Once again, the EU, in the midst of an unforeseen crisis, finds itself under immense structural pressure.
How will the bloc manage the conflict between the different needs of its member states, now that those needs have become life and death matters? As the Covid-19 pandemic began to grip in earnest and the death count started its inexorable and appalling rise, the prognosis did not look good.
Free movement arrangements collapsed as borders between members states were closed; Germany and France were accused of withholding vital medical supplies from Italy. Speaking a few days ago, Ursula von der Leyen, the new president of the European Commission, was philosophical, trying to be both honest and hopeful about the EU’s response: “it’s in our own hands. At the beginning, we looked into the abyss but then we quickly saw positivity and cohesion in the crisis.”
Von der Leyen’s emphasis on “cohesion” may strike one as a little odd in the circumstances; it sounds almost as if cohesion were not merely a means to the alleviation of suffering, but a valid end in itself. In truth, though—and whatever its moral savor—Von der Leyen was striking a familiar note: opportunist technocratism has been part of the EU’s ideological make up since its very inception.
“The problems that our countries need to sort out are not the same as in 1950. But the method remains the same: a transfer of power to common institutions, majority rule and a common approach to finding a solution to problems are the only answer in our current state of crisis.”
This was Jean Monnet—a brilliant bureaucrat and the man considered by many to be the EU’s architect—writing in 1974. Monnet believed that European integration would always be driven by crisis (the originating catastrophe being the second world war): it would take major disruptions for narcissism about the small differences of national identity to be overcome and for the European polity to accept the “only answer” to its problems: “common institutions, majority rule.”
Indeed, a core assumption of the engineers of the euro (Jacques Delors among them) was that financial turbulence would inevitably lead members of the common currency to adopt some kind of unified treasury function. Debt and risk would then be pooled and shared across the continent, in the purest expression of European solidarity.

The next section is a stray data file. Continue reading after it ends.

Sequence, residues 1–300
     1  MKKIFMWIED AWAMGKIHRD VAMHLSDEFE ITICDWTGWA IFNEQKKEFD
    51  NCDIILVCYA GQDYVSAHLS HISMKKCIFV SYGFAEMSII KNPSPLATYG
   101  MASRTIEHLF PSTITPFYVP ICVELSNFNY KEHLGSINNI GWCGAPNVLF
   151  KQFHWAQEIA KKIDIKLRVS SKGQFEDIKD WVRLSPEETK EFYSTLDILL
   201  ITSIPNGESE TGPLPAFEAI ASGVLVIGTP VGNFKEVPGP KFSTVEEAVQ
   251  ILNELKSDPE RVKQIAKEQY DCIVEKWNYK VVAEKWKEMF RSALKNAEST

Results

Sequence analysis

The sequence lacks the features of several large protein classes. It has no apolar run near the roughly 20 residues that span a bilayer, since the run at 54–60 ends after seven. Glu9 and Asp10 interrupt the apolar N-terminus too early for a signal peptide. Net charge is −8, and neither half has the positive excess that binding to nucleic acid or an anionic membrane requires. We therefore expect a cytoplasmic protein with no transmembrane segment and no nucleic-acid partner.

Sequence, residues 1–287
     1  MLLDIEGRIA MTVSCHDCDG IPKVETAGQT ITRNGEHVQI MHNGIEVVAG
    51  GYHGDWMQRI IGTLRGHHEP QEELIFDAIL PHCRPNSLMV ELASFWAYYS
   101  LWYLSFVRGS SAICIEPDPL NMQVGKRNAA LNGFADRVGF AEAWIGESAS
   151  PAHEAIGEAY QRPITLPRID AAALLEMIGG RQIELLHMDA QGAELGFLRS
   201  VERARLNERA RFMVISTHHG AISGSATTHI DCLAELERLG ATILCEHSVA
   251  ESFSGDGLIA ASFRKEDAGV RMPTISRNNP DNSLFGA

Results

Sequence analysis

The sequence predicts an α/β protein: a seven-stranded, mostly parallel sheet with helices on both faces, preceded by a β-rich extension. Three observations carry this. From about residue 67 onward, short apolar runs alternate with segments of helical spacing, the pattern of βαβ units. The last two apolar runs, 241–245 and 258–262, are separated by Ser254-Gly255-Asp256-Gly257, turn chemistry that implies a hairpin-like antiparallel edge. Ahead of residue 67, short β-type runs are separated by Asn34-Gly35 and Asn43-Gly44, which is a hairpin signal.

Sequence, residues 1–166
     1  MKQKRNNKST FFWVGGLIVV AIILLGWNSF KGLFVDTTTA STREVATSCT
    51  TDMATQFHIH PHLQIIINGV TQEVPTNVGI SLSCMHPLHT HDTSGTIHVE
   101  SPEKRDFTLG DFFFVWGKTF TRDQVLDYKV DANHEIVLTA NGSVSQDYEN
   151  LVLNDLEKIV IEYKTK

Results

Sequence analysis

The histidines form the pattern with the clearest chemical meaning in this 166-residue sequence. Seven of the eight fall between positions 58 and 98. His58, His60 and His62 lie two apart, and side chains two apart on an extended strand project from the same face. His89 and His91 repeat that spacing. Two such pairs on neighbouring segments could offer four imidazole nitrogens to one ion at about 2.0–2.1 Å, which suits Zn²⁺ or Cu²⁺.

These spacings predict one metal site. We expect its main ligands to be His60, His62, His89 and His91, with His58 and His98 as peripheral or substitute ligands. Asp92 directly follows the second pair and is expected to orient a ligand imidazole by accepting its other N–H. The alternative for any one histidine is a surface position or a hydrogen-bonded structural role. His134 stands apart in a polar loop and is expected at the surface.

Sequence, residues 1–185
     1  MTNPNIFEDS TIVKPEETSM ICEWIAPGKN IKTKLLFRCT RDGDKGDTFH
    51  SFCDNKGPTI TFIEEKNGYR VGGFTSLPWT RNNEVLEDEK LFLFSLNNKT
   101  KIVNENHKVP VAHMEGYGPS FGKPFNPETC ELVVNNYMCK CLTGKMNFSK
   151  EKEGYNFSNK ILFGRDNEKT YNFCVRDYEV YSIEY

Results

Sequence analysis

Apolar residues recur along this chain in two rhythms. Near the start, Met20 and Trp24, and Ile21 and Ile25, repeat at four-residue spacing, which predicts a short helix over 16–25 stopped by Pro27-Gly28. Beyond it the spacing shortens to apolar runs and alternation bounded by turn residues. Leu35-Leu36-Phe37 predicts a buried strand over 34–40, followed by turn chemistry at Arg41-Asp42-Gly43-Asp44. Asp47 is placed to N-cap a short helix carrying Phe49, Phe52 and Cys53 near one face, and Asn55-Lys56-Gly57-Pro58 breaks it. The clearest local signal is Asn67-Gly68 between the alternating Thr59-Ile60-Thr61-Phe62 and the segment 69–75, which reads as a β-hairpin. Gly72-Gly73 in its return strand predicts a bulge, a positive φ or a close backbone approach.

Of course, when the last crisis hit in 2007–08, there was no such revolutionary moment. Instead, all the stereotypes of national character were put on intense display during the interminable sturm und drang over austerity and a potential Greek default. Brexit may have provided a paradoxically unifying distraction, but the conflict between the EU’s supposedly feckless suffering south and its allegedly calculating numb north has never been resolved.
Tax policy has, naturally, always been a particular concern of the EU’s harmonizing and integrating tendency. Von der Leyen has herself recently expressed the aspiration to see the EU’s tax decision making become a matter of majority voting, rather than requiring unanimous assent from member states.
The fiscal reaction of member states to the pandemic shows how far from that endpoint we may still be. VAT is the EU’s very own tax: invented in Europe, it has become an essential component of both the EU’s trading framework and its social model (VAT enables huge amounts of member state spending).
One might have expected, then, some kind of “cohesion” in the European VAT response to Covid-19. The European Commission suggested earlier this month that member states consider implementing a consistently applied VAT payment holiday. In practice though, measures have been individual, guided by the immediate needs and culture of the member state concerned, and consequently diverse. There cannot be any definitive central diktat from Brussels.
Member states have indeed turned to VAT as an economic policy lever, but the lever pulled is pulled to a different level in every case.
Harmony, Discord and Statistical Differences
Italy swiftly announced the suspension of VAT payment deadlines with a due date between March 8, 2020 and May 31, 2020 to June 30, 2020.
At present, this appears to be restricted to resident companies (although there is ongoing debate about whether nonresident businesses may also be included); by contrast, businesses will have to provide evidence to the French tax authority of being affected by Covid-19 in order to secure a direct tax payment suspension; it is not yet clear if this will be extended to VAT.
The Spanish, notes my colleague Russell Hughes, “have introduced the possibility for certain businesses to apply for a deferral of the payment of the VAT due for returns that have to be submitted in the period from March 13, 2020 to May 30, 2020”; whereas in Hungary “businesses may apply for tax (including VAT) payment deferrals.”